|Race, n (%)|
|White||377 (95)||377 (95)|
|Black||12 (3)||11 (3)|
|Othera||7 (2)||8 (2)|
|Number of Prior Regimens|
|1||184 (46%)||157 (40%)|
|2||120 (30%)||139 (35%)|
|3b||92 (23%)||100 (25%)|
|Prior Transplantation||217 (55%)||229 (58%)|
|0||165 (42)||175 (44)|
|1||191 (48)||186 (47)|
|2||40 (10)||35 (9)|
|ISS Stage at study baseline, n (%)|
|I||167 (42%)||154 (39%)|
|II||148 (37%)||152 (38%)|
|III||73 (18%)||82 (21%)|
|CrCL, mL/min Median (min, max)||78.6 (38.7, 211.9)||79.2 (30.0, 207.8)|
|30 to < 50, n (%)||19 (5)||32 (8)|
|50 to < 80, n (%)||185 (47)||170 (43)|
|Refractory to Last Therapy, n (%)||(28%)||(30%)|
|Refractory at any time to (%):|
|Bortezomib + IMiD||(6%)||(7%)|
|ECOG PS = Eastern Cooperative Oncology Group Performance
Status; CrCL= creatinine clearance; IgG = immunoglobulin G; IMiD =
immunomodulators; ISS = International Staging System; KRd = Kyprolis,
lenalidomide, and low-dose dexamethasone; Rd = lenalidomide and low-dose dexamethasone
a Includes Other, Asian/Native Hawaiian/Other Pacific Islander, or American Indian or Alaska Native.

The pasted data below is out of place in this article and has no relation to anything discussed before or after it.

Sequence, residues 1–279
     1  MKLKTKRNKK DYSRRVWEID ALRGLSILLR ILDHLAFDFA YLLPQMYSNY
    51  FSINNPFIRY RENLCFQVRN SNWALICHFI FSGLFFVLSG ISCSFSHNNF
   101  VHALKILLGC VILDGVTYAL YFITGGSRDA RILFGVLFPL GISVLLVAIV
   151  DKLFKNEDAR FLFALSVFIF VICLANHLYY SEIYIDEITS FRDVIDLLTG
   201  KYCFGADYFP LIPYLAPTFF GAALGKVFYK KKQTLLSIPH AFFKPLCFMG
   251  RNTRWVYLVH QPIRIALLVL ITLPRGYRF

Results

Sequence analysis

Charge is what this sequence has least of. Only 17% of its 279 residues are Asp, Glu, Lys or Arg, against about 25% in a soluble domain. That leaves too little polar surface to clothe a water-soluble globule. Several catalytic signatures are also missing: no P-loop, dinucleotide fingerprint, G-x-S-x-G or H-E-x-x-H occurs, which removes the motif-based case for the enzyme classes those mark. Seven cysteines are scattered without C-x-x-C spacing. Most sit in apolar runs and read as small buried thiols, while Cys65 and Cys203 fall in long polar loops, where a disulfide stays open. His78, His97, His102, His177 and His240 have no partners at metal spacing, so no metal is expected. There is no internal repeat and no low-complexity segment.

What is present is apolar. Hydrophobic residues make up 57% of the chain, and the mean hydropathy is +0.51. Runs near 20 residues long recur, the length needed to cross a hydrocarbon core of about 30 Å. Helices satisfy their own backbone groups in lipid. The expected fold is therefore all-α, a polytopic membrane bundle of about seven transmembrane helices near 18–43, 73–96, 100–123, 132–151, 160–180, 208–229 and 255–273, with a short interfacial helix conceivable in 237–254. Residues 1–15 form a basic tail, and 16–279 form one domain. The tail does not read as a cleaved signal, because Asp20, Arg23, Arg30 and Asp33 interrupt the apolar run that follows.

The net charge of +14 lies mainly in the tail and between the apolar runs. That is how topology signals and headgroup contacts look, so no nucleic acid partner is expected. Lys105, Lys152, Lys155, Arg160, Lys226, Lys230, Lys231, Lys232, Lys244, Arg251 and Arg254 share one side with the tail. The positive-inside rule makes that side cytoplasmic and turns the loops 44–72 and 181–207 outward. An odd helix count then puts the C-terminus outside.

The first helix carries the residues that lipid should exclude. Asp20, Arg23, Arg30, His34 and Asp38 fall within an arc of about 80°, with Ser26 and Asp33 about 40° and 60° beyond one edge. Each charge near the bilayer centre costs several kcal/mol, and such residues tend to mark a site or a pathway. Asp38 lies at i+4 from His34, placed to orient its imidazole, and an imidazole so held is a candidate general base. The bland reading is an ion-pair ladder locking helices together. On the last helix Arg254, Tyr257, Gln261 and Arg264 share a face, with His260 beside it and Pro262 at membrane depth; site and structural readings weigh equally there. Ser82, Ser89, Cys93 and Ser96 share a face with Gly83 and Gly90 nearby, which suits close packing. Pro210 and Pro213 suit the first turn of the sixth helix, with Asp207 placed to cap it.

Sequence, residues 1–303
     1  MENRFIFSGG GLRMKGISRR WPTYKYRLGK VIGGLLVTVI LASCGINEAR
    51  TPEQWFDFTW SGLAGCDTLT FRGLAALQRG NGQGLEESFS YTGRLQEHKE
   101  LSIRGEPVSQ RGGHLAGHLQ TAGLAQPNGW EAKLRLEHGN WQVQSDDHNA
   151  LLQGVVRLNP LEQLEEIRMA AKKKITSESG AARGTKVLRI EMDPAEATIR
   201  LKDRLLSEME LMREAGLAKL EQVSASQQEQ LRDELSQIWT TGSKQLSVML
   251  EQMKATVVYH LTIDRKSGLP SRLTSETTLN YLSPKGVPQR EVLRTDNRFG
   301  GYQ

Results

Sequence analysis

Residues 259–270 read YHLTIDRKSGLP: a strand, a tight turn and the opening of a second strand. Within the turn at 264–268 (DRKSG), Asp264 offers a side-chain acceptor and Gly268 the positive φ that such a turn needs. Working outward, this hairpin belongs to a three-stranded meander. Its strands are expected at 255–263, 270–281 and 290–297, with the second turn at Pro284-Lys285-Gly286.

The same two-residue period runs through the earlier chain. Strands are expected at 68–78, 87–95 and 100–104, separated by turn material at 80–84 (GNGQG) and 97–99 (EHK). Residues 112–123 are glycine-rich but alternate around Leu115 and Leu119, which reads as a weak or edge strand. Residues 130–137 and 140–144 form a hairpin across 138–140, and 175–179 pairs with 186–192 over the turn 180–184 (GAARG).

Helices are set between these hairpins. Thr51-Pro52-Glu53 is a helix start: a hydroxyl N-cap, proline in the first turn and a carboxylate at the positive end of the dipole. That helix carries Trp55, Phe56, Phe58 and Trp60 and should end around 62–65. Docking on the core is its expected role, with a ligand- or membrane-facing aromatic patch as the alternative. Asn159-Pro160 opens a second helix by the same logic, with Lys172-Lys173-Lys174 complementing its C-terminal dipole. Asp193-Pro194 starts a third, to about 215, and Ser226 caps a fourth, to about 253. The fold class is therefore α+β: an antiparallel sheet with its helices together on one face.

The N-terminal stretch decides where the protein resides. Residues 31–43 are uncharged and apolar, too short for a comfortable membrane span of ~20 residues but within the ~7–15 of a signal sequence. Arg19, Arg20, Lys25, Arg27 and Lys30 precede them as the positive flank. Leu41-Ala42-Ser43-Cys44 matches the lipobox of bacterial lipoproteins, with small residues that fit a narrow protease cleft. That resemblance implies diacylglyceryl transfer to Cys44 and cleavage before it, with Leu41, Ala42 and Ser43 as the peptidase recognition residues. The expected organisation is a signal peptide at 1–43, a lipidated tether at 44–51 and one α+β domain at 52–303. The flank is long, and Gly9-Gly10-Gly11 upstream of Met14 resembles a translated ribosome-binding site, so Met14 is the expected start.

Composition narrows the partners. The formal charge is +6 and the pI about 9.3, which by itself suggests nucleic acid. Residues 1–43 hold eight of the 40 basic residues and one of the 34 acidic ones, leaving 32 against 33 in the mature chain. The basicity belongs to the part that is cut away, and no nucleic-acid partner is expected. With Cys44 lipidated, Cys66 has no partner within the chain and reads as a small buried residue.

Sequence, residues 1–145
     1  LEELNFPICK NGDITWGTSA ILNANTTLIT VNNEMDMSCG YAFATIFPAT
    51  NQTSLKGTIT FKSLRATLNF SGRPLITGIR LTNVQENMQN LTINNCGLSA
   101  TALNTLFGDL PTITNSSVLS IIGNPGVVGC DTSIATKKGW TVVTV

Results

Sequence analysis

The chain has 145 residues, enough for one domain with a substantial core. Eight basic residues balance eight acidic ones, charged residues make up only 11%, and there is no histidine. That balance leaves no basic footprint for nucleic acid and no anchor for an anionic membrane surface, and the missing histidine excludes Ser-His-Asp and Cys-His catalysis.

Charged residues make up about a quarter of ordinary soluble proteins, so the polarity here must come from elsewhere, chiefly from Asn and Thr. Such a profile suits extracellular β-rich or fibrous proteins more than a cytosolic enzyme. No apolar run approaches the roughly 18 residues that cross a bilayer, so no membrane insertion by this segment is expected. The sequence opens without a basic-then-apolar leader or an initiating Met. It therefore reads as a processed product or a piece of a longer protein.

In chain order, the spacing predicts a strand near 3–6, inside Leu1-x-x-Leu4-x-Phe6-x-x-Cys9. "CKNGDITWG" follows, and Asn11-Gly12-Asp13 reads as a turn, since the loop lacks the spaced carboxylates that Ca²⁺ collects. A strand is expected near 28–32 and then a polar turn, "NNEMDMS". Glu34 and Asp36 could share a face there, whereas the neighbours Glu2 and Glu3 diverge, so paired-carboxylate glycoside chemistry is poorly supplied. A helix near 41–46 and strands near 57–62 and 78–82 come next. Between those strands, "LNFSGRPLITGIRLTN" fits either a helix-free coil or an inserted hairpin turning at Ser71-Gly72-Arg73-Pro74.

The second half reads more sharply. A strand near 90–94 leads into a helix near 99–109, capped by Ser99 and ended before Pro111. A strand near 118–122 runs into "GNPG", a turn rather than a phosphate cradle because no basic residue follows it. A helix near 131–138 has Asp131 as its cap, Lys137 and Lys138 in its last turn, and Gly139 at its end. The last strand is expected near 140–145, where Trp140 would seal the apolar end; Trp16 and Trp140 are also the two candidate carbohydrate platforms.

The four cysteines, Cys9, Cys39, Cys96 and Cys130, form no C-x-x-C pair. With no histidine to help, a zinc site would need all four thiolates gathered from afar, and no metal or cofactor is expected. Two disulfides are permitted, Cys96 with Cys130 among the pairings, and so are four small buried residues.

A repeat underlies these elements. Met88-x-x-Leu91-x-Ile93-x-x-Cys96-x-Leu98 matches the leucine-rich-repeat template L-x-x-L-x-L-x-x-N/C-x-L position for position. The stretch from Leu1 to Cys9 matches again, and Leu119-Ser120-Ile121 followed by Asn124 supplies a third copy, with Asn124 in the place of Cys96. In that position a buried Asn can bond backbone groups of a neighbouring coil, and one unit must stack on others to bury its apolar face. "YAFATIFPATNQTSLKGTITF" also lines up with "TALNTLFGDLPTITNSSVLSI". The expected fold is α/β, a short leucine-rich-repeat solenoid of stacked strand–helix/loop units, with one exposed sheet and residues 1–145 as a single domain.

b Including 2 patients with 4 prior regimens.
Patients in the Kyprolis, Revlimid (lenalidomide), and low-dose dexamethasone (KRd) arm demonstrated improved progression-free survival (PFS) compared with those in the lenalidomide and low-dose dexamethasone (Rd) arm (HR = 0.69, with 2-sided p-value = 0.0001) as determined using standard objective International Myeloma Working Group (IMWG)/European Blood and Marrow Transplantation (EBMT) response criteria by an Independent Review Committee (IRC).
The median PFS was 26.3 months (95% CI: 23.3 to 30.5 months) in the KRd arm versus 17.6 months (95% CI: 15.0 to 20.6 months) in the lenalidomide and low-dose dexamethasone (Rd) arm (see Table 10).